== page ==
Needle stick injury

Cause[ edit ] Needlestick injuries are a common event in the healthcare environment.

Needle stick injury

If hepatitis B serology is not available at the time of discharge from the emergency department, ensure results are followed up within 72 hours. Hepatitis B booster vaccines can be given by the LMO. No post-exposure prophylaxis is available for hepatitis C.

For these scenarios, consult with the Infectious Diseases fellow during hours or consultant through switchboard after hours to discuss. Post-exposure prophylaxis - unimmunised patients Ideally, post-exposure prophylaxis should be provided as the first part of a comprehensive plan for catch-up vaccinations.

Offer hepatitis B immunoglobulin within 72 hours. This can be ordered outside the hospital from the Australian Red Cross Blood Service ph no Offer Hepatitis B vaccination 3 dose-schedule. Within 7 days, and at 1 and 6 months after first dose.

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Can be given at same time but different limb from immunoglobulin. Follow up Reassure patients and carers that the risk of viral transmission from community-acquired needlestick injuries in children is exceedingly low.


Provide unimmunised patients with written information in relation to further catch-up doses of hepatitis B and tetanus vaccines at minimum. Refer to the Infectious Diseases outpatient clinic to provide an opportunity for questions and to plan follow-up investigations and vaccinations, if required.

Emergency department management of community-acquired needlestick injury.The Occupational Injury Clinic assesses and treats work related injury and illnesses and provides post-exposure assessment and management of blood-borne pathogen injuries (i.e. HIV, HBV, and HCV). Provide prompt, efficient and quality medical care to employees who have sustained acute non-urgent.

7 Things to Do in Response to Needlestick Injury |

The International Congress on Drug Therapy in HIV Infection (HIV Glasgow ) was held in Glasgow, UK, from 28 to 31 October HIV treatment is not a cure, but it is keeping millions of people well.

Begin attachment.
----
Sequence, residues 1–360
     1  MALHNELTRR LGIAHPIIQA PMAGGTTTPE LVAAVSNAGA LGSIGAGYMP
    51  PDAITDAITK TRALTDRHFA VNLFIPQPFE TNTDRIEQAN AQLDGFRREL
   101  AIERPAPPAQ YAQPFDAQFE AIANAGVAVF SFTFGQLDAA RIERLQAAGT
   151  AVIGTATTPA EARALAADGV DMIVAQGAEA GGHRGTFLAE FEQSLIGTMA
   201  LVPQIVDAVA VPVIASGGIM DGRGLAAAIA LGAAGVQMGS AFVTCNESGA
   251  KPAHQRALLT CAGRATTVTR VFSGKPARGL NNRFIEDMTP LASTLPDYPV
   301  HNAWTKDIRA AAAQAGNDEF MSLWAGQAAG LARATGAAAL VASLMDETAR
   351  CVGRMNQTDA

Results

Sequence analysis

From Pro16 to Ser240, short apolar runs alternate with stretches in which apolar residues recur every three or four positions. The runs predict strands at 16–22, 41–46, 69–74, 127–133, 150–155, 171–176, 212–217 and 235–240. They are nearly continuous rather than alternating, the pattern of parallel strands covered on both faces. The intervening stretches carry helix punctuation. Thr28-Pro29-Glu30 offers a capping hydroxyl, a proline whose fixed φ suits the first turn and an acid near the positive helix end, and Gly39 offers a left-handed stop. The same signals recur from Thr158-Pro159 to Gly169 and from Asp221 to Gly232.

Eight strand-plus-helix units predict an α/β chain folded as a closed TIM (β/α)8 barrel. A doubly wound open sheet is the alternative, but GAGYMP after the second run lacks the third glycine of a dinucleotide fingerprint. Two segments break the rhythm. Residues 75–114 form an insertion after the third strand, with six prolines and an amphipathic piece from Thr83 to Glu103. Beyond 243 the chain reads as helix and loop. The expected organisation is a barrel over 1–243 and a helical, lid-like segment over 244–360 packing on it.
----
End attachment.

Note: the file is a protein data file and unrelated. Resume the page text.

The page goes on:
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Needle stick injury

Just diagnosed In this section we have answered. Risk of infection Published: 01 October A number of studies have calculated the risk of HIV infection from any single needlestick injury where HIV-contaminated blood is involved is around %.

1 Some studies have also calculated the risk of HIV infection on the basis of person-years, and show a similarly low chance of infection.

2. Written by Anne Carrie.

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According to The Centers for Disease Control and Prevention (CDC), there are nearly , sharps-related injuries that occur annually in the US healthcare industry, which is an average of 1, per day. How to Deal With a Needle Stick Injury at Work. In this Article: Performing First Aid Seeking Medical Attention Following Up Workplace Prevention and Knowledge Community Q&A Medical workers are at risk for getting injured by needles and other devices used to puncture or lacerate the skin (sharps).

Oct 13,  · Concern regarding the management of occupational exposure to human immunodeficiency virus (HIV) was heightened when it was realized that HIV is transmitted by body fluids.

In spite of this concern, the risk of hepatitis continues to be the greater occupational threat.

HIV & AIDS Information :: Needlestick injuries - Risk of infection